As your child grows and begins to develop his or her own community, there will be times when you may have to give your child over to another adult’s supervision. Though you probably want to go to every social event your child partakes in—you most likely can’t (and shouldn’t).
It’s perfectly normal to be uncomfortable leaving your child with a total stranger but there are ways to navigate the process. Consider having a joint playdate or meeting up for coffee to get to know each other. With time, you’ll begin to have a better perspective on this individual and if they have a positive influence on your child.
Don’t know where to start the conversation? Here are 3 questions to help break the ice.
1. It can be stressful being a parent. How do you cope?
This question is a good ice breaker because it is immediately disarming. You let the other parent know that you also get stressed out sometimes, but it can also be revealing. If you let the other parent talk, he or she will eventually reveal their coping strategies—even some that you might find unsavory. Typical ways for parents to unwind can range from long, relaxing baths, a good book at night when everyone’s asleep to the occasional beer or glass of wine, which isn’t necessarily bad. However, it may be important to note if you run into a parent who immediately barks, “Cocktails! I could not get through this without cocktails!” You may want to assess whether or not the parent is joking or if any behaviors reveal a drinking problem.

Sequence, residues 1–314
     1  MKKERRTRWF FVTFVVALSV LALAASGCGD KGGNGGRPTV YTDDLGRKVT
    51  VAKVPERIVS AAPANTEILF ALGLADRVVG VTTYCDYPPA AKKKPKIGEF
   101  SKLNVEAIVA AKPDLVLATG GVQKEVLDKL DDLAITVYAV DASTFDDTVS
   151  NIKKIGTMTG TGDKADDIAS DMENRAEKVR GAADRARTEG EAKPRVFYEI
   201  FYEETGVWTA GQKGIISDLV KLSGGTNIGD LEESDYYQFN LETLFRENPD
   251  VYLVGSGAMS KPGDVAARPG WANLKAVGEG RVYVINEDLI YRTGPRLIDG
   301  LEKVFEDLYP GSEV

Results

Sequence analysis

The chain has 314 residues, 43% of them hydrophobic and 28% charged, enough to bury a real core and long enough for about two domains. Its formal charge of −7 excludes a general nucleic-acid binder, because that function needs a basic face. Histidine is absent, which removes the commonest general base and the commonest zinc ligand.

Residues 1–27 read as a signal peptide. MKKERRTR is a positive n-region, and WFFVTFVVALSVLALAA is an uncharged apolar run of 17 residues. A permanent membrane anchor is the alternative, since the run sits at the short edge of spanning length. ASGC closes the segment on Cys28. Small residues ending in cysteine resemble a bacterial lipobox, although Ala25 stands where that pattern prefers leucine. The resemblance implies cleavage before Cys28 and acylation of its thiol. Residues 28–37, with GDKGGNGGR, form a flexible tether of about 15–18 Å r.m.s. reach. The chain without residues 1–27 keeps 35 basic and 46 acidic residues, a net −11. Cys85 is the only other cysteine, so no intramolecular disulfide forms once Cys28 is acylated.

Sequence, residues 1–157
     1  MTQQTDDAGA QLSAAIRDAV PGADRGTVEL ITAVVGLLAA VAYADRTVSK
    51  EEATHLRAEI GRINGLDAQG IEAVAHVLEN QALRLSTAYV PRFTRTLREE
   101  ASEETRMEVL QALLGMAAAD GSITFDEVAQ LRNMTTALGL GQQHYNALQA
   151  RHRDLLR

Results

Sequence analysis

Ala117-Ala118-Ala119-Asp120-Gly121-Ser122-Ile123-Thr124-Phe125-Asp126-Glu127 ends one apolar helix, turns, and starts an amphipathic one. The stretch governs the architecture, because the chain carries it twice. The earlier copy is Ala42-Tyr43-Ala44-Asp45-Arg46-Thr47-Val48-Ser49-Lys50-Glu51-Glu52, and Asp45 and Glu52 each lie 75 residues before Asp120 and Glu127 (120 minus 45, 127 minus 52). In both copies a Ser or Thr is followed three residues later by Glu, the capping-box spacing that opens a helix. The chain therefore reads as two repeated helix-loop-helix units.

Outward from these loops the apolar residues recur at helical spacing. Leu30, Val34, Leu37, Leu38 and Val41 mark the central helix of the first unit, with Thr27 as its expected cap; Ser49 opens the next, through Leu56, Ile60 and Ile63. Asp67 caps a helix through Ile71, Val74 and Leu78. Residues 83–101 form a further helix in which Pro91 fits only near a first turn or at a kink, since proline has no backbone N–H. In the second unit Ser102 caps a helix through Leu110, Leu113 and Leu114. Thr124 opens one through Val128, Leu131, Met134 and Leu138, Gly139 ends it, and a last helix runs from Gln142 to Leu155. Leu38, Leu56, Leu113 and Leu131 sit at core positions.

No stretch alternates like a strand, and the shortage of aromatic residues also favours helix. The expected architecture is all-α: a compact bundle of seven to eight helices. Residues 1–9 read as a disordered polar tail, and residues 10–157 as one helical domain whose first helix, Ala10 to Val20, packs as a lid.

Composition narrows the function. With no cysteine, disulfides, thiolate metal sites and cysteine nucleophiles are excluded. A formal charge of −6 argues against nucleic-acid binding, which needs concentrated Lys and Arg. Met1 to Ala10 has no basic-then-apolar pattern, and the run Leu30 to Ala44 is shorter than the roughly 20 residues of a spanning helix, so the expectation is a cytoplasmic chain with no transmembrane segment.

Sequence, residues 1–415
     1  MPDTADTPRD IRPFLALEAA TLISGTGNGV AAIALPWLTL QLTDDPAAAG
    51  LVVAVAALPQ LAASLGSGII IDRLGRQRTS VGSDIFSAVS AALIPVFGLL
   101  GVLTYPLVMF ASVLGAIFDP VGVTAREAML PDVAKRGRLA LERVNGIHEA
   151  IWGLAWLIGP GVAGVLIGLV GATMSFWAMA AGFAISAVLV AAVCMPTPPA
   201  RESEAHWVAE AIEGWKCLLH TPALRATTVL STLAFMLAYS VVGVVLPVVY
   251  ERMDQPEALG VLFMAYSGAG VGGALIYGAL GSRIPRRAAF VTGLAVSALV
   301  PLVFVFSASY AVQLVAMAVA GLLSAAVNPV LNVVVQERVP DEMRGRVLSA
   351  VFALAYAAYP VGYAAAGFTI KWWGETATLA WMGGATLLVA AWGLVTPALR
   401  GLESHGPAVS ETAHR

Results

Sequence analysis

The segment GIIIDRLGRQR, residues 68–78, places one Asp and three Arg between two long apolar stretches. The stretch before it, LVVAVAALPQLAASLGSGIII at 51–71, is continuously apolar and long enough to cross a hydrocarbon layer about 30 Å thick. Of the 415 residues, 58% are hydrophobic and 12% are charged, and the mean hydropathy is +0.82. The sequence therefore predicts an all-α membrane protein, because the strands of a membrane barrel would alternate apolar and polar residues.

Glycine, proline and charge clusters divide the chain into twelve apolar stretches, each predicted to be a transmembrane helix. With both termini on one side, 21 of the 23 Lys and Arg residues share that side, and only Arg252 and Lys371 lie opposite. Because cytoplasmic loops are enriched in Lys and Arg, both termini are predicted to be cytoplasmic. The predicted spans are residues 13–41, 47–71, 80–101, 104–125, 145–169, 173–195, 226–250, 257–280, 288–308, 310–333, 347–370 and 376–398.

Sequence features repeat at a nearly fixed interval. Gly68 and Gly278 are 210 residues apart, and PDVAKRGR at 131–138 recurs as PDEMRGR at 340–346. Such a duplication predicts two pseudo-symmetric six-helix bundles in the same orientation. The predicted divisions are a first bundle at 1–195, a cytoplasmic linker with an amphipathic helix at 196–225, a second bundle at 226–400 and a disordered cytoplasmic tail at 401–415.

2. What was college like for you? How did you spend your early twenties?
This question is not meant to cast judgment on parents who may have partied, drank or abused drugs when they were younger. However, it can be a great starting point to a conversation about what they miss from those days, what things they still cling to and what they’re glad are over.
3. How do you feel about marijuana decriminalization?
This is a talking point that most parents will have an opinion about and can often shed light on their thoughts about all sorts of substances and alcohol. You might hear everything from, “I agree with it—in my experience, alcohol can be more dangerous than marijuana,” to “We’re going to have a nation of potheads!” to “Really, I think all drugs should be legalized because they only do harm if you don’t know how to use them.” In the end, this can help you gauge the other parent’s general stance on drug or alcohol abuse.
Though not every parent’s views will necessarily match up with yours, exercising discretion on what kinds of environments you put your child in is only a natural part of parenting.